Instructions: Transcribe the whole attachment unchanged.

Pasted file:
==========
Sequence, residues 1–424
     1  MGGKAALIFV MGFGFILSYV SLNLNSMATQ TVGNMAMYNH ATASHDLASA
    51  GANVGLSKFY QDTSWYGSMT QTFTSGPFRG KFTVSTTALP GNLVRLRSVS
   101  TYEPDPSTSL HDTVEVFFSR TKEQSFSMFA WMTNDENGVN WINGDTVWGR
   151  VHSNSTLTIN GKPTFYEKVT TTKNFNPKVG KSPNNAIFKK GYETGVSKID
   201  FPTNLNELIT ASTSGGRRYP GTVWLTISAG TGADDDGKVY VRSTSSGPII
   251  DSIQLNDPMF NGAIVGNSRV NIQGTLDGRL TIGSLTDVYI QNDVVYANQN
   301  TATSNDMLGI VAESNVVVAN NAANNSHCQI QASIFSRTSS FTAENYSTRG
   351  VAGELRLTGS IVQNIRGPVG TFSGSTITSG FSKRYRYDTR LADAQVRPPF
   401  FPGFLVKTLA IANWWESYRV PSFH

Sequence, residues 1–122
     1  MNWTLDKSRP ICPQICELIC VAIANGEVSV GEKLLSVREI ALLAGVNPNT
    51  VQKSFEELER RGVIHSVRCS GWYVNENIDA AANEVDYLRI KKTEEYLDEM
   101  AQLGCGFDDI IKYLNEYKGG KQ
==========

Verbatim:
Sequence, residues 1–424
     1  MGGKAALIFV MGFGFILSYV SLNLNSMATQ TVGNMAMYNH ATASHDLASA
    51  GANVGLSKFY QDTSWYGSMT QTFTSGPFRG KFTVSTTALP GNLVRLRSVS
   101  TYEPDPSTSL HDTVEVFFSR TKEQSFSMFA WMTNDENGVN WINGDTVWGR
   151  VHSNSTLTIN GKPTFYEKVT TTKNFNPKVG KSPNNAIFKK GYETGVSKID
   201  FPTNLNELIT ASTSGGRRYP GTVWLTISAG TGADDDGKVY VRSTSSGPII
   251  DSIQLNDPMF NGAIVGNSRV NIQGTLDGRL TIGSLTDVYI QNDVVYANQN
   301  TATSNDMLGI VAESNVVVAN NAANNSHCQI QASIFSRTSS FTAENYSTRG
   351  VAGELRLTGS IVQNIRGPVG TFSGSTITSG FSKRYRYDTR LADAQVRPPF
   401  FPGFLVKTLA IANWWESYRV PSFH

Sequence, residues 1–122
     1  MNWTLDKSRP ICPQICELIC VAIANGEVSV GEKLLSVREI ALLAGVNPNT
    51  VQKSFEELER RGVIHSVRCS GWYVNENIDA AANEVDYLRI KKTEEYLDEM
   101  AQLGCGFDDI IKYLNEYKGG KQ